Optional. If supplied, will be used as the terminal filehandle for reading
keypress and other events.

=back

=cut

sub new
{
   my $class = shift;
   my %params = @_;

   return $class->_new(
      $ENV{TERM}, @params{qw( input_handle output_handle writer UTF8 )}
   ) || croak "Cannot construct Tickit::Term - $!";
}

=head2 open_stdio

   $term = Tickit::Term->open_stdio

Convenient shortcut for obtaining a L<Tickit::Term> instance bound to the
STDIN and STDOUT streams of the process.

=cut

=head1 METHODS

=cut

=head2 get_input_handle

   $fh = $term->get_input_handle

Returns the input handle set by the C<input_handle> constructor arg.

Note that because L<Tickit::Term> merely wraps an object provided by the
lower-level F<libtickit> C library, it is no longer guaranteed that this
method will return the same perl-level object that was given to the
constructor. The object may be newly-constructed to represent a new perl-level
readable filehandle on the same file number.

=cut

sub get_input_handle
{
   my $self = shift;
   return IO::Handle->new_from_fd( $self->get_input_fd, "r" );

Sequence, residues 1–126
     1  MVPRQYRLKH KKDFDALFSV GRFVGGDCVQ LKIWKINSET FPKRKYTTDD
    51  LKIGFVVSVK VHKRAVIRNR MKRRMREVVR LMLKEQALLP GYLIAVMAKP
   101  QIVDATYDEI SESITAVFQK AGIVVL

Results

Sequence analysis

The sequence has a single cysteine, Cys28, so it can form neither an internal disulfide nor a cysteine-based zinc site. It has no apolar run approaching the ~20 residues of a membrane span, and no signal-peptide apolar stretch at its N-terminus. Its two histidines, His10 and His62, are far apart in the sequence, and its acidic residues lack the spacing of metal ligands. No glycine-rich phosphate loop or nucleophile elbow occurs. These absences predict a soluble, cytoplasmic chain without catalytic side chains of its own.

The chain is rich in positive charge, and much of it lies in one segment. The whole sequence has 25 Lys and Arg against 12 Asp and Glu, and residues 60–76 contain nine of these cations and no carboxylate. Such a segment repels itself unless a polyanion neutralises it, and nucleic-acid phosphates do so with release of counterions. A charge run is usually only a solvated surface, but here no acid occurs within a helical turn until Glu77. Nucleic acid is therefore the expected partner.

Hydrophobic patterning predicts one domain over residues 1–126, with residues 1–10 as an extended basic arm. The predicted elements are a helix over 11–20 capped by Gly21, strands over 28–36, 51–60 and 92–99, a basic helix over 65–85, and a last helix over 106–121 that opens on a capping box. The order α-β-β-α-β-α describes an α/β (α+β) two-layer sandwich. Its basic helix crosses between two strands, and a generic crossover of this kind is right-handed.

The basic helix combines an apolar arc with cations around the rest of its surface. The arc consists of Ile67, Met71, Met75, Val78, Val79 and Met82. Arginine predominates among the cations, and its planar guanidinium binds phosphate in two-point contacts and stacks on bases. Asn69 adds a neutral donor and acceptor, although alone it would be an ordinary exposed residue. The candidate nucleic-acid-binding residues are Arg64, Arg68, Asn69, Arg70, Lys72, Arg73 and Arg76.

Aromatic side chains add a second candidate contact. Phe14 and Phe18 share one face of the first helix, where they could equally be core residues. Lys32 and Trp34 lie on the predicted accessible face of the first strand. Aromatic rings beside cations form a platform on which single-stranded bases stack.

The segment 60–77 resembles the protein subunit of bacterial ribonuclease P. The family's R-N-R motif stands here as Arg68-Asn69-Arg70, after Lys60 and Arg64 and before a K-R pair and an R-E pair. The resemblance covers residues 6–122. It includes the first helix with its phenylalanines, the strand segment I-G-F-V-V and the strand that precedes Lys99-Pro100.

}

=head2 get_output_handle

   $fh = $term->get_output_handle

Returns the output handle set by the C<output_handle> constructor arg.

Note that because L<Tickit::Term> merely wraps an object provided by the
lower-level F<libtickit> C library, it is no longer guaranteed that this
method will return the same perl-level object that was given to the
constructor. The object may be newly-constructed to represent a new perl-level
writable filehandle on the same file number.

=cut

sub get_output_handle
{
   my $self = shift;
   return IO::Handle->new_from_fd( $self->get_output_fd, "w" );
}

=head2 set_output_buffer

   $term->set_output_buffer( $len )

Sets the size of the output buffer

=cut

=head2 await_started

   $term->await_started( $timeout )

Waits for the terminal startup process to complete, up to the timeout given in
seconds.

=cut

=head2 pause

   $term->pause

Suspends operation of the terminal by resetting it to its default state.

=cut

=head2 resume

   $term->resume

Resumes operation of the terminal after a L</pause>.

Typically these two methods are used together, either side of a blocking wait
around a C<SIGSTOP>.

   sub suspend
   {
      $term->pause;
      kill STOP => $$;
      $term->resume;
      $rootwin->expose;
   }

=cut

=head2 flush

   $term->flush

Flushes the output buffer to the terminal

=cut

=head2 bind_event

   $id = $term->bind_event( $ev, $code, $data )

Installs a new event handler to watch for the event specified by C<$ev>,
invoking the C<$code> reference when it occurs. C<$code> will be invoked with
the given terminal, the event name, an event information object, and the
C<$data> value it was installed with. C<bind_event> returns an ID value that
may be used to remove the handler by calling C<unbind_event_id>.